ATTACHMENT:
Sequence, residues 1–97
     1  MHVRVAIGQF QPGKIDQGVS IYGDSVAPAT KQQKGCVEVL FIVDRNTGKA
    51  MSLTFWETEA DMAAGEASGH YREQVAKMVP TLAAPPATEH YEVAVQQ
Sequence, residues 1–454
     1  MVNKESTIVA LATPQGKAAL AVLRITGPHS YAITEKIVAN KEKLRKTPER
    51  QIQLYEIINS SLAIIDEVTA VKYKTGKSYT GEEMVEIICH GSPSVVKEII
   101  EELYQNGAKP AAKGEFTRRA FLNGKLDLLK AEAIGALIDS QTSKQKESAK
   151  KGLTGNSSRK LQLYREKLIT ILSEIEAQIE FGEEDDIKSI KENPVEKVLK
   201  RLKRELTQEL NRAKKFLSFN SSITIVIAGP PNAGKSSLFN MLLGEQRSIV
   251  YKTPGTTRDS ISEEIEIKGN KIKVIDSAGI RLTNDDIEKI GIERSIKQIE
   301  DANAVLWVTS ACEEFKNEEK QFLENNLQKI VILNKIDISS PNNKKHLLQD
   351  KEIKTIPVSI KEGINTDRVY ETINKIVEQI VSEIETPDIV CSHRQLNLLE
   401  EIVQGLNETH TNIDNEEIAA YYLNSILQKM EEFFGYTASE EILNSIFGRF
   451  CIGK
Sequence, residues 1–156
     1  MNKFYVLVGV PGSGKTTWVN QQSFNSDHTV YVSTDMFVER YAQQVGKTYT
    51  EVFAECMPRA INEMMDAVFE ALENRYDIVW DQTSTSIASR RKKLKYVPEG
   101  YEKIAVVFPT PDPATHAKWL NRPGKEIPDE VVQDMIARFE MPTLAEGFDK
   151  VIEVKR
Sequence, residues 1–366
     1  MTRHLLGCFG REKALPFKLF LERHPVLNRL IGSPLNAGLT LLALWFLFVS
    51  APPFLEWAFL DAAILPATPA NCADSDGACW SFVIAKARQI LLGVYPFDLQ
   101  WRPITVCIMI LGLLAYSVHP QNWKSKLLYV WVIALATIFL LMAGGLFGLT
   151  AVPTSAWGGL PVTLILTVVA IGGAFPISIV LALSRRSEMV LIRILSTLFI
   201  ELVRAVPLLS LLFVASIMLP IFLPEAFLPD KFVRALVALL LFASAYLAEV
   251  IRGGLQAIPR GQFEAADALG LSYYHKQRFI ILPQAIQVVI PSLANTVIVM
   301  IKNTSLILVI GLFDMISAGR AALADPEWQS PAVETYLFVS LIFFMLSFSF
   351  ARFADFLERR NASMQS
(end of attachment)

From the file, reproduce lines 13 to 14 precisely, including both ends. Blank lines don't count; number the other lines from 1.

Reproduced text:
   401  EIVQGLNETH TNIDNEEIAA YYLNSILQKM EEFFGYTASE EILNSIFGRF
   451  CIGK